Tesla Battery Researcher Unveils Breakthrough Nickel Chemistry That Can Last 100 Years
Tesla currently has a battery research partnership with Dr. Jeff Dahn of Dalhousie University in Canada. Jeff Dahn is one of the top researchers in the lithium-ion battery field and his lab has already achieved notable improvements to battery tech such as extending the lifetime of a lithium-ion battery pack to over a million miles.
Tesla initially signed a 5-year partnership with Jeff Dahn and his lab in 2016 and in 2021 the EV maker extended the partnership for another 5 years. With the new deal, Tesla will have exclusive rights to breakthroughs coming out of Dahn’s lab until 2026.
In addition to Dahn, Tesla has also added Dr. Chongyin Yang and Dr. Michael Metzger as Tesla Canada Research chair and Herzberg-Dahn Chair respectively. Dr. Yang has been working on materials and devices for energy conversion and storage for more than a decade.
At Tesla, Dr. Metzger’s research group focuses on developing new methods to study the performance and lifetime of advanced lithium-ion batteries, lithium metal batteries, and desalination batteries. The goal is to create a fundamental understanding that will help develop new electrode materials and electrolytes for stationary and electric vehicle batteries.
And today, Tesla has begun to reap the fruits of the new partnership with Dahn’s lab announcing new battery chemistry that can last 100 years. In a paper titled “Li[Ni0.5Mn0.3Co0.2]O2 as a Superior Alternative to LiFePO4 for Long-Lived Low Voltage Li-Ion Cells” Dr. Metzger and Dr. Dahn detail a new nickel based battery with a superior life cycle.
The new paper writes…
“Single crystal Li[Ni0.5Mn0.3Co0.2]O2//graphite (NMC532) pouch cells with only sufficient graphite for operation to 3.80 V (rather than ≥4.2 V) were cycled with charging to either 3.65 V or 3.80 V to facilitate comparison with LiFePO4//graphite (LFP) pouch cells on the grounds of similar maximum charging potential and similar negative electrode utilization. The NMC532 cells, when constructed with only sufficient graphite to be charged to 3.80 V, have an energy density that exceeds that of the LFP cells and a cycle-life that greatly exceeds that of the LFP cells at 40 °C, 55 °C, and 70 °C.”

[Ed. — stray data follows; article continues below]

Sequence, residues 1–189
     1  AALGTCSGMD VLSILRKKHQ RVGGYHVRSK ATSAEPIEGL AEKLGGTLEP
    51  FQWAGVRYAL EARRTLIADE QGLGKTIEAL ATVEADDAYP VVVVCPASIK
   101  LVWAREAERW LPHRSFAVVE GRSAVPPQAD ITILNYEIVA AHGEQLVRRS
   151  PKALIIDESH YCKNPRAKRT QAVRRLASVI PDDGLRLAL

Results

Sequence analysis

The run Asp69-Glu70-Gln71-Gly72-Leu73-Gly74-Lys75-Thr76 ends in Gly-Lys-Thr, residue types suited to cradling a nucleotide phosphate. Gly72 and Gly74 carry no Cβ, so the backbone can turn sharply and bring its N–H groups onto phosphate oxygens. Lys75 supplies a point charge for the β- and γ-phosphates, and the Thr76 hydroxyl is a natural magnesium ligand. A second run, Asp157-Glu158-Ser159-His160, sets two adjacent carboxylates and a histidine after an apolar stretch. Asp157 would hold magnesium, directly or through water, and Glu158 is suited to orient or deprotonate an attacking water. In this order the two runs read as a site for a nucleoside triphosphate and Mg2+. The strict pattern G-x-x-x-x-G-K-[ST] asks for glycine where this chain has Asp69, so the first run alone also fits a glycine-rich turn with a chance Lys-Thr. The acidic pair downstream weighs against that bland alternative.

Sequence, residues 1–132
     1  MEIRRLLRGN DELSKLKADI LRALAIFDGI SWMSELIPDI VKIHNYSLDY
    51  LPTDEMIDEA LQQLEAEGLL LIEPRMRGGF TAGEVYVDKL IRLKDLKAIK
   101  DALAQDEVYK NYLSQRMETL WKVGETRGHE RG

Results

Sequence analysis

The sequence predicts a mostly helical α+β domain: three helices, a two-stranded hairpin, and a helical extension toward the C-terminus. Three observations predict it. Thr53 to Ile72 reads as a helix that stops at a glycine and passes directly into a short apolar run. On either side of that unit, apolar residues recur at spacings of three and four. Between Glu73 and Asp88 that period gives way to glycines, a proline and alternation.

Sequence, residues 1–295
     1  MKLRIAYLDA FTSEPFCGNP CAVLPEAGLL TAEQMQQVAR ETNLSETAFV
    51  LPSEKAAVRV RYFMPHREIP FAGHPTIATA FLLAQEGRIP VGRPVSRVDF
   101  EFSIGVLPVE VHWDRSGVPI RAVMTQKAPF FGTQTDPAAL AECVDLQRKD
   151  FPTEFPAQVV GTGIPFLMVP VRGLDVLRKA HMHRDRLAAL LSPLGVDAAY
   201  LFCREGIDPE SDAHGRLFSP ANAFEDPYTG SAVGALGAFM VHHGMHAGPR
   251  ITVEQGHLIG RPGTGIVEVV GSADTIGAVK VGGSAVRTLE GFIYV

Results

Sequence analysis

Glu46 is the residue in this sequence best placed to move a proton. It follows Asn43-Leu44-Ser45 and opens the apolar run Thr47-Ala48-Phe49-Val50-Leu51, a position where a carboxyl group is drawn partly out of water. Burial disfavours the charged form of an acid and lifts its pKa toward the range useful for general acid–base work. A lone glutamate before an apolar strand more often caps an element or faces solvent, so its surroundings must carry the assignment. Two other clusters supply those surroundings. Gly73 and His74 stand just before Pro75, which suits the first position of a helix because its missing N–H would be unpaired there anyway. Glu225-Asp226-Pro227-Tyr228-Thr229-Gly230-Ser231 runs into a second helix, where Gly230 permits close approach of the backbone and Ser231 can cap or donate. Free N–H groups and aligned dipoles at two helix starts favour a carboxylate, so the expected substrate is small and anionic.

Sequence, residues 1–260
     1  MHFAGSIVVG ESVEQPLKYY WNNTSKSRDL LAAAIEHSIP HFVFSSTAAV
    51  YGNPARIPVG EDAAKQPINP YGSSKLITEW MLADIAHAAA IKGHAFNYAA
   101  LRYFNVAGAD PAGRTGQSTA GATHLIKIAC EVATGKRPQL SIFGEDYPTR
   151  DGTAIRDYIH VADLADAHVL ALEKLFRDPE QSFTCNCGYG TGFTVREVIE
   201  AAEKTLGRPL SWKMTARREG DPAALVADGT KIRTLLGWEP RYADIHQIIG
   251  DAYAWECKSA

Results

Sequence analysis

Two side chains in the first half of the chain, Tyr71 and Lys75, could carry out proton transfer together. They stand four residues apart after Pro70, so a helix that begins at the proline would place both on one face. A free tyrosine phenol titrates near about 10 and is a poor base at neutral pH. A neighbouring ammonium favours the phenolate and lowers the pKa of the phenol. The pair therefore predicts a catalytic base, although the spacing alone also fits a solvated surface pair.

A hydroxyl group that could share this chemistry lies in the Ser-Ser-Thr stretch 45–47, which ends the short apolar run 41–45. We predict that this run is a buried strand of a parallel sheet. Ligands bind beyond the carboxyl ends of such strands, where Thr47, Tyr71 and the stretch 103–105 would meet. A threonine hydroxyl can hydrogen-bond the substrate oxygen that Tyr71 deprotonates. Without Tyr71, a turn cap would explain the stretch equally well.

In other words, the new nickel-based cell maintains the superior energy density of nickel-based batteries however, at the same time can last significantly longer than lithium iron phosphate batteries, which are known for their long life cycle but, inferior energy density.
This means the new cell is the best of both worlds with a long life cycle while at the same time maintaining the higher energy density of nickel-based chemistry.
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Continuing Tesla’s researchers' note…
“NMC cells, particularly those balanced and charged to 3.8 V, show better coulombic efficiency, less capacity fade, and higher energy density compared to LFP cells and are projected to yield lifetimes approaching a century at 25 °C”
With a 100-year capacity, a battery pack will be functioning long after the vehicle has degraded. This breakthrough although in its infancy and with limitations in operating voltage and temperate can, however, in the long run, make battery packs basically last for life.
As of now, it’s not clear if and when Tesla plans to use the new batteries in the company’s vehicles. However, we will be sure to keep you updated as we learn more about Tesla’s battery plans. Until then, make sure to visit our site torquenews.com/Tesla regularly for the latest updates.
So what do you think? Excited to see new battery chemistry that can last 100 years? How do you think this breakthrough will change Tesla vehicles? Let me know your thoughts in the comments below.
Tinsae Aregay has been following Tesla and The evolution of the EV space on a daily basis for several years. He covers everything about Tesla from the cars to Elon Musk, the energy business, and autonomy. Follow Tinsae on Twitter at @TinsaeAregay for daily Tesla news.